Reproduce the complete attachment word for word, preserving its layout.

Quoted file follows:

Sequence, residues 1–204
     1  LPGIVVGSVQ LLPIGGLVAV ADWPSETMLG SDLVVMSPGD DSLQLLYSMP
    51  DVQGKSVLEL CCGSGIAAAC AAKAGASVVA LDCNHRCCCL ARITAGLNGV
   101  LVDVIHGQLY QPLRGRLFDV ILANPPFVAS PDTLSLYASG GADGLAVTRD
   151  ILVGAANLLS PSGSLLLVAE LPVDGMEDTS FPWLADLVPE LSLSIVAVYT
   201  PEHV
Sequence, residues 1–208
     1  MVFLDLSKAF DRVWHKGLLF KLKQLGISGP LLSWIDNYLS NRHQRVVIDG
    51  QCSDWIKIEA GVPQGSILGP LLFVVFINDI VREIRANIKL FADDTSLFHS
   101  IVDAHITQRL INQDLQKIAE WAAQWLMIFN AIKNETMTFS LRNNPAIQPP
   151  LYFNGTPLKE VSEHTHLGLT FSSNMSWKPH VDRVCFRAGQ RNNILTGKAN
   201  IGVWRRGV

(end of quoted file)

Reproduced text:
Sequence, residues 1–204
     1  LPGIVVGSVQ LLPIGGLVAV ADWPSETMLG SDLVVMSPGD DSLQLLYSMP
    51  DVQGKSVLEL CCGSGIAAAC AAKAGASVVA LDCNHRCCCL ARITAGLNGV
   101  LVDVIHGQLY QPLRGRLFDV ILANPPFVAS PDTLSLYASG GADGLAVTRD
   151  ILVGAANLLS PSGSLLLVAE LPVDGMEDTS FPWLADLVPE LSLSIVAVYT
   201  PEHV
Sequence, residues 1–208
     1  MVFLDLSKAF DRVWHKGLLF KLKQLGISGP LLSWIDNYLS NRHQRVVIDG
    51  QCSDWIKIEA GVPQGSILGP LLFVVFINDI VREIRANIKL FADDTSLFHS
   101  IVDAHITQRL INQDLQKIAE WAAQWLMIFN AIKNETMTFS LRNNPAIQPP
   151  LYFNGTPLKE VSEHTHLGLT FSSNMSWKPH VDRVCFRAGQ RNNILTGKAN
   201  IGVWRRGV